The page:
I have already had enough experience from my Masters and PhD English Departments to know that pursuing an English degree or teaching writing is not as romantic an endeavor as Dead Poets Society painted. The essay “Goodbye, Mr. Keating” from the Chronicle Careers section emphasizes that when he writes, “I simply want to demonstrate that the reasons most people get into English are different from the motives that will make them successful in graduate school and in professional life beyond that.”
He also remarks, “For me, it’s strange and wonderful, after receiving tenure, to be able to rediscover my undergraduate self, to nurture in my students the motives that drew me to graduate school in the first place.” Note the phrase “after receiving tenure.”
And even then, you have to be wary of that David Horowitz and his anti-academic freedom brigade whose trying take you down!
While my experience has made me quite cynical at times, I feel it’s been a good thing that so many rhet/comp faculty left my current department. I’ve had no other choice but create my own directed studies and take classes with newer Visiting Profs, all of which have had more time to mentor me than most of the full time profs. Now that I’m done with coursework I feel I can finally pursue my own romantic motives of writing a dissertation that means something to me and can cast a light on what the Internet really did and is doing for New Orleans, post-Katrina. It took 3 years to get to this point and I’ve still got my exams to go, but as long as I keep reading and annotating the stuff I am interested in (no more Lacan and Derrida and “The Purloined Poe” for me!), I’ll be a happy camper.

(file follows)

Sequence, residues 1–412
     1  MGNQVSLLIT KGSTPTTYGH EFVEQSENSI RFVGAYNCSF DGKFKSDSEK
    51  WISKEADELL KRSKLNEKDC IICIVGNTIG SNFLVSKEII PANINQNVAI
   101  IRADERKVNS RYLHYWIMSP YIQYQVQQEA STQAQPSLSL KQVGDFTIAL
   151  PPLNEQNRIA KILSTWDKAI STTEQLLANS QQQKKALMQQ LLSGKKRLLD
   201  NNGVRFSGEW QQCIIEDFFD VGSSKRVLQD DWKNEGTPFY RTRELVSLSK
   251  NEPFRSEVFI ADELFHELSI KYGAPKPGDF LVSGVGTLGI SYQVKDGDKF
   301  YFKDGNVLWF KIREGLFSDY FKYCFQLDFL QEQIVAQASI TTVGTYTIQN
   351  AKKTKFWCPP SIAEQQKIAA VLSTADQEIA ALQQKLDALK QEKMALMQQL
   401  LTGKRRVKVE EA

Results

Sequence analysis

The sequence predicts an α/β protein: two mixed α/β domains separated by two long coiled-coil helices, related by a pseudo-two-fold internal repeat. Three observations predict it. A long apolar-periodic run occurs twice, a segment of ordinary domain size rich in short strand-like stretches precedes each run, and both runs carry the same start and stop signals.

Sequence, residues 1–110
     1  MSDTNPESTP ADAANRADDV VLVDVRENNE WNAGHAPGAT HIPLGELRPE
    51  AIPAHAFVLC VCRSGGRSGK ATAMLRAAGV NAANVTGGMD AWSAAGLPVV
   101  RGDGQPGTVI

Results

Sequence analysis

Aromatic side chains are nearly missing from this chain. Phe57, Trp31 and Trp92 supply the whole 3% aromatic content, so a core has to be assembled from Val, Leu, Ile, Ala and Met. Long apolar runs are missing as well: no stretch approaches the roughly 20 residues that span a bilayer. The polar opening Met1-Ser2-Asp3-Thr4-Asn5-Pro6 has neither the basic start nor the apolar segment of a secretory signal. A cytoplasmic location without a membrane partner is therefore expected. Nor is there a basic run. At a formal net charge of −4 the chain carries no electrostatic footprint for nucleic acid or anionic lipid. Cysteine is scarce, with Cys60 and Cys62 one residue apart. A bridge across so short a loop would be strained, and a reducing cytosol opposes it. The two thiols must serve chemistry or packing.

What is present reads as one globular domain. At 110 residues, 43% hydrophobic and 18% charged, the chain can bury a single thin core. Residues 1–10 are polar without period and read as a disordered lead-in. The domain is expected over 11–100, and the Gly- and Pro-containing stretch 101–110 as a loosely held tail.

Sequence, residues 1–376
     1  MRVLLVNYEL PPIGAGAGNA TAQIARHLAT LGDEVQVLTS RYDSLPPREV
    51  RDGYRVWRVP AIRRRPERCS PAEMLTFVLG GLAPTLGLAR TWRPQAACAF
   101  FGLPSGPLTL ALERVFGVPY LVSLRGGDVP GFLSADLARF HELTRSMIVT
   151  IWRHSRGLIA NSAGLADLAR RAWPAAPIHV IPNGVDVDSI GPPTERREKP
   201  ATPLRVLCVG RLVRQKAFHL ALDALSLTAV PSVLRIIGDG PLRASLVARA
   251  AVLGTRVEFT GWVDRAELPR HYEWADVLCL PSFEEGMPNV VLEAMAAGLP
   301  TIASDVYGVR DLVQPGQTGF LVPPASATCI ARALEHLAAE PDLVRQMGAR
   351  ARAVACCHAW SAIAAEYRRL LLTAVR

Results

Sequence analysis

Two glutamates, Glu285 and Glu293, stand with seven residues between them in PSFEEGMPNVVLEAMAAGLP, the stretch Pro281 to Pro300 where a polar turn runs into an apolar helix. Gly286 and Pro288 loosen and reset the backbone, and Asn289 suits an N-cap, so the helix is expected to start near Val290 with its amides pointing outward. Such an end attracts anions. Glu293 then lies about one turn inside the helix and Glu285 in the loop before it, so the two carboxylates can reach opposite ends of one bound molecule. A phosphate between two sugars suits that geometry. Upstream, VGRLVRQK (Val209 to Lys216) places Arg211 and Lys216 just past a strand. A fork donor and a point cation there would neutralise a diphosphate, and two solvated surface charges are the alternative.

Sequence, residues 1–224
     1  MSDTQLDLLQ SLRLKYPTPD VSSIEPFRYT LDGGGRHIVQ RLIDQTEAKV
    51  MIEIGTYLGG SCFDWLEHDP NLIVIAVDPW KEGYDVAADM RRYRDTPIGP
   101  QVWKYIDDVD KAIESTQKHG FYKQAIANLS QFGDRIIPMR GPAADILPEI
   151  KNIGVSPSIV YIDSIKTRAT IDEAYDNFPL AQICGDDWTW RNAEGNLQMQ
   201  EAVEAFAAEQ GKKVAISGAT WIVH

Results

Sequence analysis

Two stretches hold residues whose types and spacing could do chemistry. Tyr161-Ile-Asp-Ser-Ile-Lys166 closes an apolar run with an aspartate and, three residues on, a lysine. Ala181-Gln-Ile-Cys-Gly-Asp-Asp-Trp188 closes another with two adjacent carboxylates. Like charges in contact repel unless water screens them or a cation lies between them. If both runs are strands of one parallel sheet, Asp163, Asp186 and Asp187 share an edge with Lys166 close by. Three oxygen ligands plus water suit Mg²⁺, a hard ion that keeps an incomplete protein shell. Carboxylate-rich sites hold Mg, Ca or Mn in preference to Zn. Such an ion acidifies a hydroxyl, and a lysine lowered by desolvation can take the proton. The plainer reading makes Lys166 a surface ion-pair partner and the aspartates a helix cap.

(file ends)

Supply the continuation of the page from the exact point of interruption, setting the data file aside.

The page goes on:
That is, until, the job market search and first job where inevitably I’ll end up bombarded by committee work, teaching, and other politically motivated university moments… 😉
(at least I am not naive!!!!)